Windows 12: What We Can Expect from the Next Major Microsoft Release.

There have been several hints about the next major Microsoft release, Windows 12, which is all but confirmed at this point. One of the possibilities is a faster update cadence than Windows 11. Another rumor is that the operating system will be more modular, with components that will live on several different partitions. Microsoft is also said to be working on new capabilities that will make the operating system easier to manage on lower-end devices while offering users the full spectrum of app compatibility with seamless updates.

In recent years, Microsoft has tried to modernize the Windows platform by building a completely separate version called Windows 10X for users who didn’t need all the legacy baggage that has accumulated in Windows over the years. However, the company scrapped the project and incorporated its ideas into Windows while removing what it considered to be superfluous apps and features, in response to the world’s transition to hybrid work and study.

Before Windows 11, Microsoft attempted to build a stripped-down, lightweight OS called “Windows Core OS.” The idea was to create a modular Windows that could be packaged with the exact features needed for the target device form factor, such as tablets, laptops, or desktop PCs. While that concept presented a lot of technical challenges, Microsoft is said to be building the successor to Windows 11 – known as Windows 12 for now and codenamed Hudson Valley – with many of the principles of Core OS in mind, as part of a project dubbed “CorePC.”

According to Windows Central’s Zac Bowden, Windows 12 will be separated into “states” that live on different partitions on the storage drive. This will reportedly make managing and updating Windows easier for Microsoft and a less frightening experience for Windows users. The different OS architecture will make it slightly easier to keep secure since system files will be separated from user files and third-party apps. Updating one part of the OS will be faster and likely won’t always require a system restart to complete. It may also become easier to wipe devices in a similar way to the “powerwash” feature found on Chromebooks.

Microsoft can lower the footprint of Windows for devices that would be slow and unresponsive when running “full-fat” Windows using this approach. A version of Windows 12 for education devices that only runs Office, Edge, Android apps, and web apps will weigh 60 to 75 percent less in terms of storage requirements when compared to Windows 11 SE. For devices that require compatibility with legacy apps, Windows 12 will have a compatibility layer dubbed “Neon” to help ease users into transitioning to the new OS.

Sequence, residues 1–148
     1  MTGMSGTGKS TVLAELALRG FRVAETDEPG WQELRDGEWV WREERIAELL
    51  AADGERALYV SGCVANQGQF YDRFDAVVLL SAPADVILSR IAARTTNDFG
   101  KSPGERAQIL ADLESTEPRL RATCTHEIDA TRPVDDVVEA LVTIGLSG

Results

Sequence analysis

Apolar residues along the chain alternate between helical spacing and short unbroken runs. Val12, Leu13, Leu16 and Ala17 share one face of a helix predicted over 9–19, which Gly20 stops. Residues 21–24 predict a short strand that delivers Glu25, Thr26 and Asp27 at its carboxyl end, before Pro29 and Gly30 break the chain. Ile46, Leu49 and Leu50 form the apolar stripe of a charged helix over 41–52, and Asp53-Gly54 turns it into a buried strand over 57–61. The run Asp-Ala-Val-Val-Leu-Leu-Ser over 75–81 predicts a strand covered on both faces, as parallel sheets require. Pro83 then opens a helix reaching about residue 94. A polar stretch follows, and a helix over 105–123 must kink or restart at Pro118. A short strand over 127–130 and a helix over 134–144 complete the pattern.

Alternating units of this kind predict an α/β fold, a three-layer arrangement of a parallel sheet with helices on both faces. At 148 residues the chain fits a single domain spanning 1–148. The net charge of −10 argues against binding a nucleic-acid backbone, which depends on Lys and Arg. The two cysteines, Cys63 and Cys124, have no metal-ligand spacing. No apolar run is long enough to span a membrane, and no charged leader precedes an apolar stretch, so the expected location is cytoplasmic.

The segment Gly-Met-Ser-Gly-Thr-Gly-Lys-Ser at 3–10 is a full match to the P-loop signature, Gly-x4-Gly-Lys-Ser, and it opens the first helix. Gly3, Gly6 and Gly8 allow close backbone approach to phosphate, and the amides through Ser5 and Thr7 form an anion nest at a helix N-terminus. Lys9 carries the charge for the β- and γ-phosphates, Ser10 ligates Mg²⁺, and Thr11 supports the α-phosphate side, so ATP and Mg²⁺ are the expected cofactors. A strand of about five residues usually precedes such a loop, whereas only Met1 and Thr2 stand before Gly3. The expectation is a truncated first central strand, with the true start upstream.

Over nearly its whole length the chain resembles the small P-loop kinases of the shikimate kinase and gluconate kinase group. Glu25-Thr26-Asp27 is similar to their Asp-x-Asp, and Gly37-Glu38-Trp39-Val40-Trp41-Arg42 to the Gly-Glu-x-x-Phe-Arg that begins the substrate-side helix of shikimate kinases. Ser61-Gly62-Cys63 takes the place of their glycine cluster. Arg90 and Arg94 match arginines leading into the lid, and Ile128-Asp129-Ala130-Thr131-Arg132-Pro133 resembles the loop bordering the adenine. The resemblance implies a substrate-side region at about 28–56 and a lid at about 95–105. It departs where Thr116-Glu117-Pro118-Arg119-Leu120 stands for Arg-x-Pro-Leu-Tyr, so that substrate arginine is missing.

There are also rumors of a version of CorePC/Windows 12 that will be devoid of legacy features and optimized for upcoming silicon from Intel, AMD, Nvidia, and Qualcomm, with a focus on AI-based features that sound like a supercharged Clippy following users around the OS with contextual suggestions.

The CorePC project is still in its infancy, and there may be changes before Microsoft ships it to users. The plan is to debut the concept with Windows 12 sometime in 2024, but that may well be delayed if the company faces any major roadblocks along the way.

In the meantime, Microsoft has already increased the feature release cadence for Windows 11 so that it can deliver them in the form of “monthly quality updates” rather than bundling them together as part of annual updates. The company is scrambling to add more AI-powered features and integrations to the OS and apps like Teams, Edge, and the Microsoft 365 suite.

The shift towards a more modular and customizable OS is part of Microsoft’s broader strategy to make Windows more adaptable to different device form factors and user needs. By breaking down the OS into smaller components that can be mixed and matched depending on the device’s specifications, Microsoft can create a more streamlined and efficient user experience that is tailored to the user’s preferences.

This approach could also help address some of the longstanding issues with Windows, such as slow boot times, bloated storage requirements, and the difficulty of managing updates. By separating the OS into different partitions, Microsoft can make the update process more efficient and less disruptive, while also reducing the overall storage requirements of the system.

Moreover, by building in more AI-based features and integrations, Microsoft is aiming to make Windows more intelligent and responsive, with features that can anticipate and adapt to the user’s needs. For example, a supercharged Clippy-like assistant could provide contextual suggestions and support throughout the OS, helping users get more done with less effort.

Windows 12 promises to be a major step forward for Microsoft, with a more modular and customizable OS that can adapt to different device form factors and user needs. While the project is still in its early stages and there are no guarantees about its release date or final feature set, it’s clear that Microsoft is investing heavily in the future of Windows, with a focus on making the OS more efficient, intelligent, and user-friendly.

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